Tuesday, August 12, 2014
For my Ethical Hackers.
Kashmir Hill reports:
A few years back, Thomas ‘T.K.’ Kinsey was having a late, inebriated night in downtown Redlands, a far-flung suburb of Los Angeles. He started climbing a fountain, making the kind of bad decision a late-night carouser makes. Suddenly, he heard a voice coming from above telling him to stop. It wasn’t a good angel on his shoulder; it was a member of the police department speaking to him through a speaker in a city surveillance camera. Redlands has over 140 surveillance cameras around the 70,000-person town that have helped the police spot and stop drunk drivers, brawlers, vandals, and people illegally smoking in parks, according to a case study on the site of Leverage Information Systems, the company that provided the camera system. After his encounter being watched by the cameras, Kinsey, a security engineer, decided to gaze back at the system. He and Dustin Hoffman, his boss at IT firm Exigent Systems, discovered that the police were not the only ones who could peer through the eyes of the city’s cameras.
Read more on Forbes.
I suspect this is more common than you might think. I used to send a report each month to managers, listing their employees who had login credentials (and the systems they were authorized to access).
Today’s reminder is from a breach I came across in reviewing records obtained in response to a Freedom of Information Act request I filed.
American Medical Response is a billing/collections agency. In the course of business, they routinely access a database maintained by Acxiom Insight.
Apparently, login credentials of an inactive employee were never properly terminated as there was access to the database between April 2009 and March 2010. AMR did not know about it, however, until Acxiom Insight first contacted them on August 31, 2011 to alert them. All told, 944 people had their files accessed. The files contained their names, addresses, phone numbers, and Social Security numbers.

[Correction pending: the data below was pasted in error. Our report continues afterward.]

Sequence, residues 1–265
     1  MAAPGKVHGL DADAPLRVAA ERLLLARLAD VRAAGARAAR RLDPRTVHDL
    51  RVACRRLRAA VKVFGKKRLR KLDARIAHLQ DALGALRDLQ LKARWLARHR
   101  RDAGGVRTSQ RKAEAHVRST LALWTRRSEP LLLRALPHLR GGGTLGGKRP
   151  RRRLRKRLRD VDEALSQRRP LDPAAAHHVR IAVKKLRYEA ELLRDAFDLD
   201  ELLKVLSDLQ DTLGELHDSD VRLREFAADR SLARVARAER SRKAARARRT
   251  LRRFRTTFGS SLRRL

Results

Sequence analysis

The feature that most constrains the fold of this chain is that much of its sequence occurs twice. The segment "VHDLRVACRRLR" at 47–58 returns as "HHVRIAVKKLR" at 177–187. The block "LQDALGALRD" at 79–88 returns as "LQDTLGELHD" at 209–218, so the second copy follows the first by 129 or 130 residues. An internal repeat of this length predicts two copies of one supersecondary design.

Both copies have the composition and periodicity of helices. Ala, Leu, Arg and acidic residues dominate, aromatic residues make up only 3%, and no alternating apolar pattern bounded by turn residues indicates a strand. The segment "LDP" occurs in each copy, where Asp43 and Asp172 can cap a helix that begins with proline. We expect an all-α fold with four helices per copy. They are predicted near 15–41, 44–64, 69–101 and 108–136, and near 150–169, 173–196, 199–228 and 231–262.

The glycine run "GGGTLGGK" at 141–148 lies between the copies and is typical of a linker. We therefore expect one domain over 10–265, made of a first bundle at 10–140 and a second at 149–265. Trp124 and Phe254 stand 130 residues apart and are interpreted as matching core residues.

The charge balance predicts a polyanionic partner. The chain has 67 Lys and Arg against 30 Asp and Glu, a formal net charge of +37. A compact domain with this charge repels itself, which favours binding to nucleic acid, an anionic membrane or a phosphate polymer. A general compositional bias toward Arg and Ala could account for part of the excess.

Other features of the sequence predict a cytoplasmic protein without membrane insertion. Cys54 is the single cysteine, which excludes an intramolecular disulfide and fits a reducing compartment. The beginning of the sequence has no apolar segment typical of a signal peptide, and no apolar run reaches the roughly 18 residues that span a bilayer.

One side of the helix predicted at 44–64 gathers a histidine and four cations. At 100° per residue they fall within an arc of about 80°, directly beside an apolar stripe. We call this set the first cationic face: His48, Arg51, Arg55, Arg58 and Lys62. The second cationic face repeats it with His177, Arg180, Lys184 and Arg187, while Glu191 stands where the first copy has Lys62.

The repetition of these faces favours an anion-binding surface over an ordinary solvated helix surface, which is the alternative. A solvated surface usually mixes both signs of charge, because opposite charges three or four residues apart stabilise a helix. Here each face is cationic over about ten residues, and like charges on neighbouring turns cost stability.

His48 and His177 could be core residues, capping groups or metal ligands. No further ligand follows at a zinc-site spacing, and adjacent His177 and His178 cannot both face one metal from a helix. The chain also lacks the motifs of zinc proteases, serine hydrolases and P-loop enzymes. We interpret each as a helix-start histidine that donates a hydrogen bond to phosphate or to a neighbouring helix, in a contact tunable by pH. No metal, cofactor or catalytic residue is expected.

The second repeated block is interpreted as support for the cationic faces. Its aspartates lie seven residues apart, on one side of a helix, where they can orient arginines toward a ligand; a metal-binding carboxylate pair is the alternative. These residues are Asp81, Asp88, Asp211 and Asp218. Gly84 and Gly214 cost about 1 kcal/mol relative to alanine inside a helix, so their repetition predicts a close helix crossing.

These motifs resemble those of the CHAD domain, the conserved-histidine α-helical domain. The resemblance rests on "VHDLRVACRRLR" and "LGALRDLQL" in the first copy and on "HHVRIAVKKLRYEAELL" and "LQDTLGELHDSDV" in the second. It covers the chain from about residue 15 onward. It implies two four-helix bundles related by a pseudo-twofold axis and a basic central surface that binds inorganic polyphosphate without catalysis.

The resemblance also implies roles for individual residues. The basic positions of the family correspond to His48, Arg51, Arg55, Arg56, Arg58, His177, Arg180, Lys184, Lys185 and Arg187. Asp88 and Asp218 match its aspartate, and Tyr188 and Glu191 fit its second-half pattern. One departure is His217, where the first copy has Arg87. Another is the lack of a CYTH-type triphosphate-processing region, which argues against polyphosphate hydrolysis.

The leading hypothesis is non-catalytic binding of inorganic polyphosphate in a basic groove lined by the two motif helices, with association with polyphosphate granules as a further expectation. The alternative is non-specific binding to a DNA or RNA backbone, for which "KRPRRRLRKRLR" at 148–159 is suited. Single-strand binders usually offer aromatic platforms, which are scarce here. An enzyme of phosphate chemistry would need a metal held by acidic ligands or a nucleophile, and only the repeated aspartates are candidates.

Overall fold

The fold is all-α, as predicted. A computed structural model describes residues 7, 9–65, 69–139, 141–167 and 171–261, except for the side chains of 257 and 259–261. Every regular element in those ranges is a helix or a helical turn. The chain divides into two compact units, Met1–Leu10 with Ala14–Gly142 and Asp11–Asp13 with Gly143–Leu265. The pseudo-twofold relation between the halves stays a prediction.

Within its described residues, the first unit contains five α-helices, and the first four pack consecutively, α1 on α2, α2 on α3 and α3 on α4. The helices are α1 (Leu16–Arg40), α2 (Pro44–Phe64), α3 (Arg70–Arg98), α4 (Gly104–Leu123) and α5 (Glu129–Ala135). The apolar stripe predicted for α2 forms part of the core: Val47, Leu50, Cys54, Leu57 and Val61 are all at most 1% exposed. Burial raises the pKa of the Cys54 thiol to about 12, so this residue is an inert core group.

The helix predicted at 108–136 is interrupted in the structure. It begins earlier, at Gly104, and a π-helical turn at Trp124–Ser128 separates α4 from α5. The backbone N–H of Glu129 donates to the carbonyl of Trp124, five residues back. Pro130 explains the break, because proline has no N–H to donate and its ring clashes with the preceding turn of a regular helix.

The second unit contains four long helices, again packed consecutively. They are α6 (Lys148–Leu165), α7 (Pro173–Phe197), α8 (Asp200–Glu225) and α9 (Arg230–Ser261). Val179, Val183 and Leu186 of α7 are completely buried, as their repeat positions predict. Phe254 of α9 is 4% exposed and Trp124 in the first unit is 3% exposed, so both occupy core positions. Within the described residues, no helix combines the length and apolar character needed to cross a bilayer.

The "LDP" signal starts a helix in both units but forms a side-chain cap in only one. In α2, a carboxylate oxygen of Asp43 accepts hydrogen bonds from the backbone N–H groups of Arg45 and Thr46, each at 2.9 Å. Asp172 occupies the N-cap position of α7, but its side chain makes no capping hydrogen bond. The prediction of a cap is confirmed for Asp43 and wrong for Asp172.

Affected consumers were notified on January 12, 2012, but were not offered any free credit monitoring services. It’s not clear why Acxiom first detected the problem more than one year after it stopped occurring.
The breach was reported to NYS in January 2012, but doesn’t seem to have appeared in the media at the time.
This will become a highly competitive and highly (hacker) targeted area.
Exclusive: Apple prepares Healthkit rollout amid tangled regulatory web
Apple Inc has been discussing how its "HealthKit" service will work with health providers at Mount Sinai, the Cleveland Clinic and Johns Hopkins as well as with Allscripts, a competitor to electronic health records provider Epic Systems, people familiar with the discussions said.
While the talks may not amount to anything concrete, they underscore how Apple is intent on making health data, such as blood pressure, pulse and weight, available for consumers and health providers to view in one place.
Currently, this data is being collected by thousands of third-party health care software applications and medical devices, but it isn't centrally stored. Apple also hopes physicians will use this data to better monitor patients between visits – with the patient's consent — so the doctors can make better diagnostic and treatment decisions.